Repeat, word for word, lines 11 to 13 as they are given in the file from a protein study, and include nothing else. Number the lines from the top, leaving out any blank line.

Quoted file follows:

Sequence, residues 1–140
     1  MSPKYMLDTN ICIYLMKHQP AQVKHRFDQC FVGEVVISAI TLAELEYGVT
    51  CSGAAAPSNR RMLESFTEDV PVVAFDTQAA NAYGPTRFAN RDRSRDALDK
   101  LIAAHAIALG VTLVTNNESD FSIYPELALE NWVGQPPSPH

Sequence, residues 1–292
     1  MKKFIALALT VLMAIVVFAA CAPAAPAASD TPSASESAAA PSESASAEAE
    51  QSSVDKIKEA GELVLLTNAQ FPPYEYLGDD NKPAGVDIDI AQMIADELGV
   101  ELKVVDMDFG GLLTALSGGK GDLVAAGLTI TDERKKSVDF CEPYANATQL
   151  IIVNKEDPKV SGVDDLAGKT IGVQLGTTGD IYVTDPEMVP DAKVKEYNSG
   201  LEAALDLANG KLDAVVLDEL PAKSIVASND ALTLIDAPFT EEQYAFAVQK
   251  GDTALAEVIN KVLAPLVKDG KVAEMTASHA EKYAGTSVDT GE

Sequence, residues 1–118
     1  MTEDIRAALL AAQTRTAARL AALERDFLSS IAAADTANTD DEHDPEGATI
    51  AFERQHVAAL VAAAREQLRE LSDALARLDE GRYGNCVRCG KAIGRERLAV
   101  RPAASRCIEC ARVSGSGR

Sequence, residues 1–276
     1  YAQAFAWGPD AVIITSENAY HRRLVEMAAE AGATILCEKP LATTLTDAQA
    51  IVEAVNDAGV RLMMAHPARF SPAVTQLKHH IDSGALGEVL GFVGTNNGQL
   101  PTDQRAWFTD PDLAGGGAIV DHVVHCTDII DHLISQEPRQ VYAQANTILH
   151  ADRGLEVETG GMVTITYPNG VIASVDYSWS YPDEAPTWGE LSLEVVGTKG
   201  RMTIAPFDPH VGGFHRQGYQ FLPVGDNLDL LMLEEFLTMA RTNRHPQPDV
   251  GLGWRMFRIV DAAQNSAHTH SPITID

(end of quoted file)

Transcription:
   251  GDTALAEVIN KVLAPLVKDG KVAEMTASHA EKYAGTSVDT GE

Sequence, residues 1–118
     1  MTEDIRAALL AAQTRTAARL AALERDFLSS IAAADTANTD DEHDPEGATI